A senior administration official told reporters Tuesday that "continuing to rely on simple usernames and passwords as the primary means to secure what we're doing in cyberspace is not all that effective." The remarks came a day after the Twitter and YouTube accounts of the U.S. Central Command (CENTCOM) were hacked and used to post ISIS propaganda. The hacks happened as President Obama gave a speech on privacy at the Federal Trade Commission.
The senior administration official's remarks were part of a push by the Obama administration to promote new cybsersecurity and privacy legislation. The president has given a pair of speeches on the topics in the past two days, and said today that cyber threats are "an urgent and growing danger."
"We need to look to upgrade to better security solutions like two-factor authentication," the senior administation official said. On Monday, the federal government launched an audit of its social media programs. The General Services Administration said in a statement that it had begun "widespread distribution of guidance for preparing for and responding to social media hacking, an instructional video on how to increase security with two-step verification."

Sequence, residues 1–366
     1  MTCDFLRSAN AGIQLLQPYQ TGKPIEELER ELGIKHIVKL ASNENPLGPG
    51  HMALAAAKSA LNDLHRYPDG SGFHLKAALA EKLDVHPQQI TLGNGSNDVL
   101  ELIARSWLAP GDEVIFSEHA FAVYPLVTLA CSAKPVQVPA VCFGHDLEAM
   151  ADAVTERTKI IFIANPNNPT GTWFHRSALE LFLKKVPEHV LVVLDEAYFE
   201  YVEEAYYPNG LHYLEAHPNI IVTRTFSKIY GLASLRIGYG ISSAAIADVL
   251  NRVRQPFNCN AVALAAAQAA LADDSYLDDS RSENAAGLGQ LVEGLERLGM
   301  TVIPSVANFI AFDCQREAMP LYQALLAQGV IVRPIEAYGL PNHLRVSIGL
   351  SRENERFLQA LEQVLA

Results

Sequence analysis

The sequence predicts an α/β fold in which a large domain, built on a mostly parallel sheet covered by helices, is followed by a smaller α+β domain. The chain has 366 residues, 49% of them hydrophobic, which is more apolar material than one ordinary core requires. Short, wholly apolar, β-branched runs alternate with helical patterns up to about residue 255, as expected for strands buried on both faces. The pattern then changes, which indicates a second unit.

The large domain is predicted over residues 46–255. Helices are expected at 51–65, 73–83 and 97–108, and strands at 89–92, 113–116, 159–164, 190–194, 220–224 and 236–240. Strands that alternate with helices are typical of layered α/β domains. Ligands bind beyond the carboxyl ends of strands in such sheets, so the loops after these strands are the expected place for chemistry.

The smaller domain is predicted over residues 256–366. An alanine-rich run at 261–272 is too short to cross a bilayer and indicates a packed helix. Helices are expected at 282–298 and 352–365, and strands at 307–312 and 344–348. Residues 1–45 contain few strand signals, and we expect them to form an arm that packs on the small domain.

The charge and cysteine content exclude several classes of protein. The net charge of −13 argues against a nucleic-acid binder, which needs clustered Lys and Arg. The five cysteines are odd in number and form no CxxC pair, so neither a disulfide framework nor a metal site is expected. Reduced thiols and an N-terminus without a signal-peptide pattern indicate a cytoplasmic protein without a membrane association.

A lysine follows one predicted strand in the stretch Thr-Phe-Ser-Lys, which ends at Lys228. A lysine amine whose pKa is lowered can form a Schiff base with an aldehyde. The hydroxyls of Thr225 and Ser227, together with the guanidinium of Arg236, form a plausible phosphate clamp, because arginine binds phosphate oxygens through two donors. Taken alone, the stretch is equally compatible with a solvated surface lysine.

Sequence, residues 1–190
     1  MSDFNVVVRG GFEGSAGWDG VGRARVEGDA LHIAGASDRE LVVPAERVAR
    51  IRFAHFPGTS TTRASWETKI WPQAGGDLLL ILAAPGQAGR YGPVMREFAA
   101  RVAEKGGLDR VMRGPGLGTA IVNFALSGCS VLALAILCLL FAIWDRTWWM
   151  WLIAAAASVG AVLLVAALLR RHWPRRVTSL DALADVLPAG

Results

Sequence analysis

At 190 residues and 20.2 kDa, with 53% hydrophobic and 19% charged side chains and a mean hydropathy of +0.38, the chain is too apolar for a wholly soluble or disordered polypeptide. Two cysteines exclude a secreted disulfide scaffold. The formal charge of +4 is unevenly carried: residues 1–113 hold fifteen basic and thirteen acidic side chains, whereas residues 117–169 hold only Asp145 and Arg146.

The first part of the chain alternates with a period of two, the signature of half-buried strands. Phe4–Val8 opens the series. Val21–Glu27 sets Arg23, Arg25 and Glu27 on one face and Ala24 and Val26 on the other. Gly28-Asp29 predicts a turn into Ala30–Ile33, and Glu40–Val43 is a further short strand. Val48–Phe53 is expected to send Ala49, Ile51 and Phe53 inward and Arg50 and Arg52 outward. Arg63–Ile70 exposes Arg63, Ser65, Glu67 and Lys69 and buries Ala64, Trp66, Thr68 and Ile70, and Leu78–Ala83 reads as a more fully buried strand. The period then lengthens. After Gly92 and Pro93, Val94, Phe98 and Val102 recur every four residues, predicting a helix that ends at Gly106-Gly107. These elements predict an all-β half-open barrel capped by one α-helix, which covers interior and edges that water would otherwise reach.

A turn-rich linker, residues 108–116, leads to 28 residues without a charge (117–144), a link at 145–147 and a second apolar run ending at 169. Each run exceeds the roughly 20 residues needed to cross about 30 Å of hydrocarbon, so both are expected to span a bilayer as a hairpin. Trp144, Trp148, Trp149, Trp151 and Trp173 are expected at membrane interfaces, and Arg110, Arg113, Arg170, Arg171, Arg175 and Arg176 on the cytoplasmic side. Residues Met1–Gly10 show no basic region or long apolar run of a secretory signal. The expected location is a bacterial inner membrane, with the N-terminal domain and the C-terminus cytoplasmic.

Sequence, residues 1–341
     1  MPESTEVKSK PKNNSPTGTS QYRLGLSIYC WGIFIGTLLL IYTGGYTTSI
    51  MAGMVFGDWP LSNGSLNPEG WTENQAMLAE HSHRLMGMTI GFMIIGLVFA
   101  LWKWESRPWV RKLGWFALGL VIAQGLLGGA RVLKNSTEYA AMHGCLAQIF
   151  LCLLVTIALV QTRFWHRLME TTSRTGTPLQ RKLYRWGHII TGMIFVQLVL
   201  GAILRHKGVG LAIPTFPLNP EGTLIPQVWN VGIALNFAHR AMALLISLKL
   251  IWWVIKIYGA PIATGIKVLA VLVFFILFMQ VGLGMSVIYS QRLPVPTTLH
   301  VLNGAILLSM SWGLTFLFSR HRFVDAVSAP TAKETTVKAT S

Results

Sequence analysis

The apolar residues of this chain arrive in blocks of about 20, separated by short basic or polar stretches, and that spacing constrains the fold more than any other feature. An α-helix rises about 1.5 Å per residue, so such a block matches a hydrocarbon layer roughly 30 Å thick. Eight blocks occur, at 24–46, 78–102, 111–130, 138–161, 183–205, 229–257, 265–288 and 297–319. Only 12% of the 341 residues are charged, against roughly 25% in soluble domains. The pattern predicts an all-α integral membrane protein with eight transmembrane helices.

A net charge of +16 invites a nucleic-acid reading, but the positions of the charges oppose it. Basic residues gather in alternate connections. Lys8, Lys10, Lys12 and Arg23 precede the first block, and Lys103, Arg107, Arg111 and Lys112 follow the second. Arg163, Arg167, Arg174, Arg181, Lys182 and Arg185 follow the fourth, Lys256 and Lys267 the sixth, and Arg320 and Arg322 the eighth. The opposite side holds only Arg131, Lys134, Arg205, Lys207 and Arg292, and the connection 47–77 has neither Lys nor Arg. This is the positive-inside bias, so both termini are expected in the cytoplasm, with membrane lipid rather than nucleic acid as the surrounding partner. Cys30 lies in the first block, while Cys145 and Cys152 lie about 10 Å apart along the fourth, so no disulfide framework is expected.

A Pentagon spokesperson described the CENTCOM hack to reporters Monday as a "cyber prank." Two-factor authentication, where a user has to enter a second, one-time use password usually sent to their phone to log in, is widely considered a best practice by security experts.
"We're continuing to work with the DOD and FBI to conduct an investigation to determine what happened," the senior administration official said. "If we need to make changes based on what we learned from that we will; it's too early to render judgments on what needs or not needs to be changed."
The White House today said that the administration would support legislation to make it easier for companies to share cybersecurity information with the federal government and would give companies liability protection to share that data. The data shared, the senior administration official said, would mostly be indicators of a cyberattack.
"It's a fairly narrow set of technical information," the official said, "primarily IP addresses, routing information, and time and date stamps." The information would "primarily not be content" and could only be used by law enforcement to investigate cybercrimes, threats to minors, and threats of bodily harm.
"Obviously [the CENTCOM] incident continues to point to the need to increase cybersecurity across the board," the official said.
Matthew Zeitlin is a business reporter for BuzzFeed News and is based in New York. Zeitlin reports on Wall Street and big banks.
Contact Matthew Zeitlin at email@example.com.
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